Lots Achieved, Lots More Still to Do!
Head of Evidence Mary Hartshorne lays out what we’ve achieved one year on from Bercow: Ten Years On, what more we still have to do and how we’re going to get there.
It’s hard to believe that it’s a year since we launched Bercow Ten Years On: a review of provision for children and young people with speech, language and communication needs (SLCN). Many of you will have contributed to the review by completing a survey, sending in written evidence or by coming to tell us about practice in your area. Since the launch, many more have been involved in making sure change happened as a result of the review.
Bercow Ten Years On described a fragmented system that was failing many children and young people with speech and language communication needs (SLCN) by not identifying their needs early enough nor putting in place the support they needed. We made 47 recommendations to strategic decision-makers and created an accessible website full of resources to help local influencing.
So, what has happened as a result?
Well you can READ ALL ABOUT IT in our first anniversary update report. There has certainly been lots of activity. We’ve been pleased at the level of engagement from ministers, from Government departments, Ofsted, local areas and from Bercow Ten Champions who have really made a noise across social media.
We’ve seen the most progress come in support for children’s early language development. When Damian Hinds highlighted the number of children starting school unable to speak in sentences, he echoed many others who have stressed the widening Word Gap. In this regard, it’s good to see the Department for Education (DFE) and Public Health England working together to create solutions at a strategic level: a new assessment tool for very young children, an SLCN pathway for children aged 0-5 and training for all health visitors. A focus on children’s early language is also a key feature in the majority of Opportunity Area plans.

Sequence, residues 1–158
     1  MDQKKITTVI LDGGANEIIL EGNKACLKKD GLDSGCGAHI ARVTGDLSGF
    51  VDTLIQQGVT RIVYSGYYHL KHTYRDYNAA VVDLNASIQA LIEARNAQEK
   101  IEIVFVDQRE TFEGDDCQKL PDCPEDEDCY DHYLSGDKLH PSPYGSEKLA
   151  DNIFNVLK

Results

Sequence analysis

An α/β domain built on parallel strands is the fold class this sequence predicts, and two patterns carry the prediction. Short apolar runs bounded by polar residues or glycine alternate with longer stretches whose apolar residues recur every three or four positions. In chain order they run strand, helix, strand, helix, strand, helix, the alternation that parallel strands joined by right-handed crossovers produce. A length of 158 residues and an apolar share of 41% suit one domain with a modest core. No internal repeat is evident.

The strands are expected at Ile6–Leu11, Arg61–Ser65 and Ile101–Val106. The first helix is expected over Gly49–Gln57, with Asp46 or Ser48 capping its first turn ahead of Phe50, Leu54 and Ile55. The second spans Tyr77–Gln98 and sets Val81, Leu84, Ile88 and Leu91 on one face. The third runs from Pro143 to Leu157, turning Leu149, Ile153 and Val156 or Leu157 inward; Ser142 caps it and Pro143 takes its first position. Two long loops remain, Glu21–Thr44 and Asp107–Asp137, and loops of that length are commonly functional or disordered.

Getting it right in the early years is great but it can’t stop there. Children’s language development doesn’t stop at age 5, it continues right through school into adolescence. Children with language disorder have long-term needs, lasting well beyond early years. Children need the language skills to be ready for school but schools need to be ready for children and too many staff working with school-aged children do not feel confident in supporting children’s language and communication, nor in identifying those with needs.
In our anniversary report, we identify five key areas where urgent action is needed; these include support for school-age children and those with long-term SLCN. We also continue to push for a cross Government, strategic approach to support for SLCN provision.
It’s been interesting to see calls for this to happen across support for early family support for the first 1000 days of life but for SLCN, this cross-sector, coordinated approach continues to be crucial across the age range.
Here at I CAN, we’ve been focused on this strategic approach. As a partner in the DFE’s Early Years SEND project, we’re training settings and supporting local practitioners to develop a local SLCN pathway.
In another DFE funded project, we’re working with RCSLT and EasyPeasy to Change the Conversation about Language in three mayoral regions. Recognising the need to think beyond early years, we’re also initiating two exciting new pilot projects in secondary schools. Watch out for more information about these!
Lots of people have asked us ‘what’s next?’ Our answer is: there is much more still to be done. We need your continued support in making change happen, whether this is through championing SLCN on social media, developing a local SLCN pathway, talking to the people responsible for commissioning SLCN support or by building children’s communication into your next conversation.
Make a start by reading our anniversary report and joining the campaign #speakupforslcn and #speakupforcommunication